Yet in all the above areas and more, the Republican record is worse and should cost the party’s presidential nominee votes.

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Republicans advocate tax cuts for the rich and cuts in government spending that would inflict economic pain on most Americans. Many Republicans oppose continued funding for COVID-19 vaccines and treatments, as they earlier opposed vaccine and mask mandates that could have saved lives.

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Trump even called for defunding the U.S. Justice Department and FBI because they are investigating his efforts to overturn his election defeat and his hoarding of classified government documents at this Florida estate. If that actually happened, crime would undoubtedly worsen.

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Biden needs to campaign as a centrist and attack the Republican presidential nominee and the party’s congressional candidates for their support of unpopular positions. Biden should also continue condemning Republican actions to deny women abortion rights, which polls show most Americans support.

Biden needs to rebuild the coalition that elected him, reaching out to young voters, Black voters, Latinos, independents, moderate Republicans and voters in suburban and rural areas as well as his urban base. And he should expand the electorate by energizing more Americans to vote.

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In addition, Biden should build a strong grassroots campaign structure and get help from talented veterans of Democratic presidential campaigns. He needs to broaden his team and not rely only on a small circle of insiders. Insularity is insanity for an incumbent seeking reelection.

Biden needs to hit the campaign trail as often as his presidential duties allow, holding rallies, town halls and meetings with small groups of voters. And he should hold more news conferences and grant more interviews to journalists on TV, radio, online and in print.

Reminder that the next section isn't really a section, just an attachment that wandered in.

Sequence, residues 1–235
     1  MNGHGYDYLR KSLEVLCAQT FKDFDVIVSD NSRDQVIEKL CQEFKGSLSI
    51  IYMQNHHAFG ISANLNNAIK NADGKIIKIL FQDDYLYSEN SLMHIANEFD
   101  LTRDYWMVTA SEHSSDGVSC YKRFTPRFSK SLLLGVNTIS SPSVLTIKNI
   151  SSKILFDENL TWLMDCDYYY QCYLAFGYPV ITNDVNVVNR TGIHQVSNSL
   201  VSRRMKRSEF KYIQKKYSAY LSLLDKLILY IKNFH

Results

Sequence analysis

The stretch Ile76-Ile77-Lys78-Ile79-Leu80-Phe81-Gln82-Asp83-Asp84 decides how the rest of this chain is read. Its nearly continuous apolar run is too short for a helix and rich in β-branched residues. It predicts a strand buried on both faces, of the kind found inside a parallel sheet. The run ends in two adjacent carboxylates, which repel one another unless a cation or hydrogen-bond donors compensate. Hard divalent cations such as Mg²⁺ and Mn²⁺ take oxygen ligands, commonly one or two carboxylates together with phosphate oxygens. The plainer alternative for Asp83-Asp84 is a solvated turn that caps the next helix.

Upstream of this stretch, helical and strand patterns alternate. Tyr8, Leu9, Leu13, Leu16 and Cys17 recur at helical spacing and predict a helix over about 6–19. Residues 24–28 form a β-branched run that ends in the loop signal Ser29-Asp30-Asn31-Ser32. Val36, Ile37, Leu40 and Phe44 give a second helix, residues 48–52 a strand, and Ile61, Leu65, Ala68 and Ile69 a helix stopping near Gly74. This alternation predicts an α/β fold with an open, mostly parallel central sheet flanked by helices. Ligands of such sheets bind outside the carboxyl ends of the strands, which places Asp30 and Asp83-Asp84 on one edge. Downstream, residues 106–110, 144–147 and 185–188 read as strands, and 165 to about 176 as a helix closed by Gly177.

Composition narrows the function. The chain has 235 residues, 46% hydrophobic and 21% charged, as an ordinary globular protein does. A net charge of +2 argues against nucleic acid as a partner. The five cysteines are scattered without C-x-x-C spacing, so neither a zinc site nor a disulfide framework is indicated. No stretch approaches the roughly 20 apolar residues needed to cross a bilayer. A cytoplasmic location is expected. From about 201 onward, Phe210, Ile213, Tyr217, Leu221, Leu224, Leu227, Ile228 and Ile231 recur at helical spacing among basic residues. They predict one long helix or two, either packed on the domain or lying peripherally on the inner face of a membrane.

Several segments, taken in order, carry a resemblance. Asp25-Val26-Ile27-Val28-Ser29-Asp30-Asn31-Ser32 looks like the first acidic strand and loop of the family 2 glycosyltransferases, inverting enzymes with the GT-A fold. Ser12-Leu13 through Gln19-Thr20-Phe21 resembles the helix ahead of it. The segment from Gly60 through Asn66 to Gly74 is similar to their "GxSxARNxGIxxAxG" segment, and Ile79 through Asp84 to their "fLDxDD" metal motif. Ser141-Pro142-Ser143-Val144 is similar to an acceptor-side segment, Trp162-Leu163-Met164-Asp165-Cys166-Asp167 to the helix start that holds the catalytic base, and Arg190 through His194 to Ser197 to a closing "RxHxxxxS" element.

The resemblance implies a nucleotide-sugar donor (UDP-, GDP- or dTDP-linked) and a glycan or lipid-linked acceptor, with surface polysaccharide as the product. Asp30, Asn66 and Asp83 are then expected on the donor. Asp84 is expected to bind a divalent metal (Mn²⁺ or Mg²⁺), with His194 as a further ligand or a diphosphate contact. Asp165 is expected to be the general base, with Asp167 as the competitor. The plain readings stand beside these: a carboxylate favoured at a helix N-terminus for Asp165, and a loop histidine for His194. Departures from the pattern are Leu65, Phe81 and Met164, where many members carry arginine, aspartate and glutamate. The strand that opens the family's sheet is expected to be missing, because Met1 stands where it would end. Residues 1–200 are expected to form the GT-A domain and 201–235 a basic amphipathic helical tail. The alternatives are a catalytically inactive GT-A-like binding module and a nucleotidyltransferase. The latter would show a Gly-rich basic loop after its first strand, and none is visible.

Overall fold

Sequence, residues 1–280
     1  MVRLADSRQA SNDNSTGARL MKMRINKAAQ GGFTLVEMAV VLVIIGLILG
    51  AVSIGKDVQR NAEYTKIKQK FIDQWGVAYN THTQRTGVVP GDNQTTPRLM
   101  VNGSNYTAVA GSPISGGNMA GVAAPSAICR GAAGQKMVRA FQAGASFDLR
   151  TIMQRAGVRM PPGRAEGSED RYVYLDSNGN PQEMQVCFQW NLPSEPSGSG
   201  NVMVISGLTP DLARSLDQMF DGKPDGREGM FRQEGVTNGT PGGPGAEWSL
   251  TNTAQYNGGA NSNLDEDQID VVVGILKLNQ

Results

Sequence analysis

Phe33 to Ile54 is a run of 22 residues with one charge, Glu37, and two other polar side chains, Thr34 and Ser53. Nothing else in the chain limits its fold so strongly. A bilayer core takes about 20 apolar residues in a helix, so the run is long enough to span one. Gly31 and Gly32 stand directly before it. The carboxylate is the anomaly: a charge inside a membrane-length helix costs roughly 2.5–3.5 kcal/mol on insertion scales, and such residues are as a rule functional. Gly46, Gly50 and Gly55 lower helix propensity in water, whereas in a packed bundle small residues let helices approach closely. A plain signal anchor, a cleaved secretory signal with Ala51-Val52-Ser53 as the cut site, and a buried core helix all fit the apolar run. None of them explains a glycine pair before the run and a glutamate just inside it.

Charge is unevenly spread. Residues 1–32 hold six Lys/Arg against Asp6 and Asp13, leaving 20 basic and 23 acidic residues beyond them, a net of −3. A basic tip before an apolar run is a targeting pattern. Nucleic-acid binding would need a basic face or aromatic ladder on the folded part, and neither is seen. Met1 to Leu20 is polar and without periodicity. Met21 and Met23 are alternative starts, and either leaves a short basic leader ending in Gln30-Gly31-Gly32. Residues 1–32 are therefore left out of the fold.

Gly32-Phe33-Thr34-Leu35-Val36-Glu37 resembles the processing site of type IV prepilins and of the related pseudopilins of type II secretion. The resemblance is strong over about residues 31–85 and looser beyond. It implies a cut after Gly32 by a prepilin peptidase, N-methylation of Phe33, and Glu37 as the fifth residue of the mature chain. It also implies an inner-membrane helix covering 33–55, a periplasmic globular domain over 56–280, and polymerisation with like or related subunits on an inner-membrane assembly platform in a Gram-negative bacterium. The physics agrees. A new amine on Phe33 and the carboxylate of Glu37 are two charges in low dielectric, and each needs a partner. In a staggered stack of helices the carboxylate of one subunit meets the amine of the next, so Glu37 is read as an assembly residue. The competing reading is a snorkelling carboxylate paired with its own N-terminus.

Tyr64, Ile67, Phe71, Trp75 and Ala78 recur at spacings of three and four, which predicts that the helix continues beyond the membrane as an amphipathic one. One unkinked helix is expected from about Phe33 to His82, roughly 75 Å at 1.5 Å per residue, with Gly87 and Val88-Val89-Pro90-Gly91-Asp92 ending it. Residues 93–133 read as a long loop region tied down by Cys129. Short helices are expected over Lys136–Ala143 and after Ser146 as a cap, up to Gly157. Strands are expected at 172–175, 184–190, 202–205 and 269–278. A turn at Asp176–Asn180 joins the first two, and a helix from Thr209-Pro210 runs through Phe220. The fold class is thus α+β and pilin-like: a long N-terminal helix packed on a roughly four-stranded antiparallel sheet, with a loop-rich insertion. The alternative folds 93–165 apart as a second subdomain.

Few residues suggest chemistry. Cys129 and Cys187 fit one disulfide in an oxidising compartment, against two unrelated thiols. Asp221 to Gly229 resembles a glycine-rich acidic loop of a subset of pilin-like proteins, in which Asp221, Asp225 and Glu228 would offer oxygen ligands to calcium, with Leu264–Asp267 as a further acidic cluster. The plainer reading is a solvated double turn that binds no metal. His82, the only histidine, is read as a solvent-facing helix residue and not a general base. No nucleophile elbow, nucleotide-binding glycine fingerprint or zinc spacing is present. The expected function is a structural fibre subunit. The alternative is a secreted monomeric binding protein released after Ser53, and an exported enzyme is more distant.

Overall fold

Donna Brazile
Donna Brazile

Biden is an honest and honorable man with decades of experience in government and a deep knowledge of domestic and foreign policy. He exudes empathy and sincerity. He is a serious man who makes important decisions after careful study and consultation with his advisers and outside experts.

In other words, Biden is the polar opposite of Trump.

Based on all these factors and what looks like a flawed and deeply divided Republican field of candidates, Biden has an excellent chance of winning another four-year term.

Donna Brazile (@donnabrazile) is a member of USA TODAY's Board of Contributors and an adjunct professor at Georgetown University. She previously served as interim chair of the Democratic National Committee and of the DNC’s Voting Rights Institute, and managed the Gore campaign in 2000.

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This article originally appeared on USA TODAY: Biden's age is an issue for reelection. Focus on his record instead